By THERESA DAVIS
Like many other families, foster/adoptive families have had to make drastic changes these past few months. They have had to navigate things like visitations, check-ins from the social worker and family court appearances – all within the confines of the changing Coronavirus restrictions.
Many things, such as finalizing adoptions, have been done via video chat platforms. Social distancing is practiced and PPE is used when in-person meetings are necessary. The difficulty in this approach is, of course, accessibility to appropriate devices and the Internet, in addition to keeping children’s and families’ rights at the forefront as much as possible.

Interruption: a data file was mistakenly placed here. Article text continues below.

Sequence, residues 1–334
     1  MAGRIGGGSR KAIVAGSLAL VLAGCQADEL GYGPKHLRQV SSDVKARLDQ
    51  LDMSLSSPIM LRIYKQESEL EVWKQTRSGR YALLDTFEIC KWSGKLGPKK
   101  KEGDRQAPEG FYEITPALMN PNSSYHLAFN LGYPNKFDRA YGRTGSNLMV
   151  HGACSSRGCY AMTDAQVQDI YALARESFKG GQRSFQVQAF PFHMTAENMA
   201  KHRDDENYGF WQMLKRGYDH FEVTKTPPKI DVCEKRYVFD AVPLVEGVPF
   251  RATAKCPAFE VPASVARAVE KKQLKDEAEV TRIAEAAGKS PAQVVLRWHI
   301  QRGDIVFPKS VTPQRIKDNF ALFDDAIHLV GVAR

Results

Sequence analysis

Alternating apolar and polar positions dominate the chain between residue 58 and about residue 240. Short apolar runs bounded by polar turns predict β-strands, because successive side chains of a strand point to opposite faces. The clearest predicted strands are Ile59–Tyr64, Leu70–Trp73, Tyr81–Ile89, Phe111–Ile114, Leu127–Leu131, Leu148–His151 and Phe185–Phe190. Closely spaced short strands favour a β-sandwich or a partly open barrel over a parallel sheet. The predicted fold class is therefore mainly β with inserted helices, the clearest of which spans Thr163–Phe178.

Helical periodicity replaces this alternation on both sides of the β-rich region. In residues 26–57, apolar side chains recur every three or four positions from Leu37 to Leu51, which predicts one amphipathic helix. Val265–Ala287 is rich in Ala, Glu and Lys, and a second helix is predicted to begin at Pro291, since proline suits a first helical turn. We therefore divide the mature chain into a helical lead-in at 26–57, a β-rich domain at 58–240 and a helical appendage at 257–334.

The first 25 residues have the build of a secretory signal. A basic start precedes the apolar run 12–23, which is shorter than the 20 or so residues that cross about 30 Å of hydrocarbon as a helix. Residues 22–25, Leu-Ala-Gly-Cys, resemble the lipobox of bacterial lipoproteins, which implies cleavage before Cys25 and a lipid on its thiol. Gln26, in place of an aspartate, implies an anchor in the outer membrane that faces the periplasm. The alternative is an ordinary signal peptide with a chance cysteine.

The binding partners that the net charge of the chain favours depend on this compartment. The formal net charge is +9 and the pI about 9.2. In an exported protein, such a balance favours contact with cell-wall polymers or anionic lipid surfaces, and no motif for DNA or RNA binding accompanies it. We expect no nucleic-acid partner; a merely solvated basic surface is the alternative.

Overseas adoptions have been greatly affected. Traveling while social distancing and travel bans have played havoc with finalizing adoptions and bringing children home. Again, all of this is being done in observance of protocols and laws for both countries.
There has been a lot of “rethinking” in our state. When this health crisis ends, where does fostering/adoption go from here? Will these processes be changed as well? Is it possible that most of the fostering and adoption processes will remain on virtual platforms? Or are the old practices best? Is it possible to combine the two to make the fostering and adoption processes smoother?
In the end, only time will tell, but for now it seems with everything else, we are still left with more questions than answers.
Theresa Davis is a former early childhood educator and has worked in childcare centers for more than 15 years. She is also an adoptive mother, living and taking care of her family in the Capital District.